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Standing by Giffard’s Cross (Dr Karl Shuker)
Excerpted from my impending book, Cats of Magic, Mythology, and Mystery (CFZ Press: Bideford, 2012):
Several centuries before any of the modern-day specimens had appeared on the scene, an exotic British mystery cat was big news not all that far away from where I live today. Indeed, its case may even be one of the earliest records of a so-called alien big cat (or ABC for short) in Britain that did not involve some unidentifiable feline creature heavily enshrouded in fable and fancy but rather featured a bona fide non-native big cat on the loose. Although certain details differ from one account to another, the basic facts of this historic case in British cryptozoology are as follows.
Just outside the village of Brewood, near Wolverhampton in the West Midlands, England, is an imposing Georgian mansion called Chillington Hall, set in beautiful parkland. Built during the mid-1780s, it is the home of the Giffard (aka Gifford) family, whose direct link with this site dates back over 800 years, and it is the third residence to have stood here. The previous one was a medieval manor house built during the early 1500s by Sir John Giffard, who was Standard Bearer to Henry VIII, and accompanied him at the Field of the Cloth of Gold in June 1520.
Stained-glass window depicting the Giffard family crest, containing a full-faced panther head (photo source unknown to me)
It was several years earlier, however, in or just before 1513, when Sir John’s deed of valour took place for which he was granted two family crests by the king, and which also inspired their emblems and motto. One day, a wild cat loosely described as a panther escaped from a menagerie of exotic beasts maintained at Chillington, and was pursued in earnest by the household. The great cat’s attention was drawn to a woman carrying her baby through the park, and it began to stalk her. Approaching within range of its intended victim, the panther was just about to spring upon her and the child when Sir John himself appeared on the scene, having been riding with his son through the park in search of it. Armed with his crossbow, Sir John took careful aim, and just as he was about to shoot, his son exclaimed in French: “Prenez haleine, tirez fort!” (‘Take breath, pull hard!’). Clearly Sir John followed his son’s advice, for he skilfully dispatched the escapee big cat with a single well-aimed arrow through its head.
Later in 1513, the first of the two Giffard family crests granted to Sir John in recognition of his heroic action was prepared by the College of Arms, describing it as a “Panther’s head couped full-faced spotted various with flames issuing from his mouth”. And in 1523, the second crest featured a “demi-archer bearded and couped at the knees from his middle, a short coat, paly argend and gule, at his middle a quiver of arrows, drawn to the head”. As for the family motto, Sir John chose the fateful words uttered by his son as he took aim at the panther with his bow.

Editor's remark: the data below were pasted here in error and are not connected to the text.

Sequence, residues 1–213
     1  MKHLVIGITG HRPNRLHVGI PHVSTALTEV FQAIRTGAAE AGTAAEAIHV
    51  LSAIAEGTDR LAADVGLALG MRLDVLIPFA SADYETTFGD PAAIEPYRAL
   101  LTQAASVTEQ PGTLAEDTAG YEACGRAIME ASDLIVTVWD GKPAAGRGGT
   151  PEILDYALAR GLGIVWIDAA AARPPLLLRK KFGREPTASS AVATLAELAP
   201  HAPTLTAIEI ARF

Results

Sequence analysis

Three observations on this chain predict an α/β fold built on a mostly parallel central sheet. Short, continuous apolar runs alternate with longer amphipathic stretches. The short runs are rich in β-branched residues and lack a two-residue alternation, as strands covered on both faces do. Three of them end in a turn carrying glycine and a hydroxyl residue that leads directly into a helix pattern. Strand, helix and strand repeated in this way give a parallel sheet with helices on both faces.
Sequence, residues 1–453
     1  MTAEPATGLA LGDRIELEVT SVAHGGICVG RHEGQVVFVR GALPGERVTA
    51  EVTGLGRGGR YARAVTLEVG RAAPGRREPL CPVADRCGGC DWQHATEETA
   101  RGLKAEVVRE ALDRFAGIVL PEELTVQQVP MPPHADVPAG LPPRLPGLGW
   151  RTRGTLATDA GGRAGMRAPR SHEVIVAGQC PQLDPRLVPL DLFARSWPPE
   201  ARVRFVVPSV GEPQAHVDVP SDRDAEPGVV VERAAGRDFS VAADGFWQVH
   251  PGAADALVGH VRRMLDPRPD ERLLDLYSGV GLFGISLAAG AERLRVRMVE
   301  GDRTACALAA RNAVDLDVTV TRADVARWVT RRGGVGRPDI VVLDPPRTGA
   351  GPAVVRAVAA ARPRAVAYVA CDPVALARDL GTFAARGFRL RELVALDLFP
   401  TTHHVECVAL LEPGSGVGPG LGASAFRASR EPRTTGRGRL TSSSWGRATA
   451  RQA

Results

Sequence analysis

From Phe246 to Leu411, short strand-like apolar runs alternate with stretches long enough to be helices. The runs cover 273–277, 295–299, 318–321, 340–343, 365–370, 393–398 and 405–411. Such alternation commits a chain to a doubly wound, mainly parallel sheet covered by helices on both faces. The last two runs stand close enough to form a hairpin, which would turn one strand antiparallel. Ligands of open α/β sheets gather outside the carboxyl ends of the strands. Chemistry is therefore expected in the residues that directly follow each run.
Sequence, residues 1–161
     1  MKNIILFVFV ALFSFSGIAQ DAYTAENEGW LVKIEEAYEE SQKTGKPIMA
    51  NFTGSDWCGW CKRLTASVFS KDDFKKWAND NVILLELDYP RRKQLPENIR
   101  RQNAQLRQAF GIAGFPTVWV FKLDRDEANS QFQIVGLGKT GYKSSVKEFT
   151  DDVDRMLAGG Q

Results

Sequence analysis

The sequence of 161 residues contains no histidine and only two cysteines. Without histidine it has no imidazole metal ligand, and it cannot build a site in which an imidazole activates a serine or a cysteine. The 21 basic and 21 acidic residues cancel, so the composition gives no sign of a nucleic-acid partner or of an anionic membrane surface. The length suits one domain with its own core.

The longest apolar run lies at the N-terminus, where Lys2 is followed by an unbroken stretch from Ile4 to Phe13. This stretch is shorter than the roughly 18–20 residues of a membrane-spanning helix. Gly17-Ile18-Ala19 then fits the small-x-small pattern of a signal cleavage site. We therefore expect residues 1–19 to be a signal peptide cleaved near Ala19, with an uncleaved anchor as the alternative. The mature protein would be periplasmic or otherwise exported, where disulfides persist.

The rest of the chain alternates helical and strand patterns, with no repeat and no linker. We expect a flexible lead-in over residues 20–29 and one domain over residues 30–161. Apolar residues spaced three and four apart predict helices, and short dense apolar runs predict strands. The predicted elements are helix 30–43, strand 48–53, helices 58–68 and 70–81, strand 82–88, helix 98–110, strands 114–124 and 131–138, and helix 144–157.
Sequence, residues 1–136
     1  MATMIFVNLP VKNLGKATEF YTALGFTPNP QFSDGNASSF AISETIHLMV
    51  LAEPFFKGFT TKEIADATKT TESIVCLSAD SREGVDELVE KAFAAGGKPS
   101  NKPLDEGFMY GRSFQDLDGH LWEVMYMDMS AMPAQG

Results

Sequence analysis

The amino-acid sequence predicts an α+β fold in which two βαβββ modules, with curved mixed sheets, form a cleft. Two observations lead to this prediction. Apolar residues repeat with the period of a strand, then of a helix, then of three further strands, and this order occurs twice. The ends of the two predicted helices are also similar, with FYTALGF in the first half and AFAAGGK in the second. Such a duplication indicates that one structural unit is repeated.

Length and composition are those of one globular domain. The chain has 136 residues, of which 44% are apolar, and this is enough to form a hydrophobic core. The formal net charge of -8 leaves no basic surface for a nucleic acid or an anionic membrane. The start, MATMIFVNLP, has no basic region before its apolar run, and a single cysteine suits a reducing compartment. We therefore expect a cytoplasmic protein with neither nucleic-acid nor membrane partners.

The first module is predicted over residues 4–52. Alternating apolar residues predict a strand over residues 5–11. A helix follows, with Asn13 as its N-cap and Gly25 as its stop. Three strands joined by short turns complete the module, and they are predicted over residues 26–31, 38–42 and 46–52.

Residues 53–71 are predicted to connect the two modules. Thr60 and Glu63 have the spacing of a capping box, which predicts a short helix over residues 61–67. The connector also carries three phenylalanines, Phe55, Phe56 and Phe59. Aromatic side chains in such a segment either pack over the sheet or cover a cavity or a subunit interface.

Giffard’s Cross, marking the spot where an escapee panther was allegedly shot during the early 1500s (Dr Karl Shuker)
A wooden cross – nowadays known as Giffard’s Cross – was erected at the precise site of his victory, but during the 20th Century it was moved for safe keeping into the grounds of the house, and a replacement was erected in its stead, which is readily visible from the public road running just in front of it. Not living very far away, I visited it one sunny Sunday afternoon during summer 2011, and was pleased to have seen for myself this tangible link to that dramatic cryptozoologically-linked episode of long ago.
Like so many episodes of this nature, however, it wouldn’t be cryptozoological without having some degree of mystery or controversy surrounding it – and in this particular case, the mystery concerns the precise identity of the escapee cat. Just what was it? It is only ever referred to in historical accounts as a panther, but whereas modern-day usage of this term, at least in the UK, tends to be confined almost exclusively to the melanistic morph of the leopard Panthera pardus, i.e. the black panther, in medieval times ‘panther’ was also used in relation to the leopard’s normal spotted version. So was it a black panther, or was it a spotted leopard – or even, as at least one account read by me has claimed, a jaguar? (The panther appears as a white-faced cat in the Giffard family crest, but as heraldic beasts are often very different in appearance from their real-life namesakes, this does not provide a solution.) Most extreme of all, as also suggested by some researchers, is that the entire episode is an invention, nothing more than local folklore? If that were true, however, how can the panther head on the Giffard family crest be explained – just a coincidence? Rather like the Giffard panther itself, this is one crypto-mystery that seems destined to run and run!
Just for fun, this delightful artwork portrays a very different kind of alien big cat!! (William Rebsamen)
This ShukerNature article is excerpted from my latest book, Cats of Magic, Mythology, and Mystery
(CFZ Press: Bideford, 2012).
NB – A Buy It Now button for pre-ordering my book should be available here and on my website very soon, so please check back often!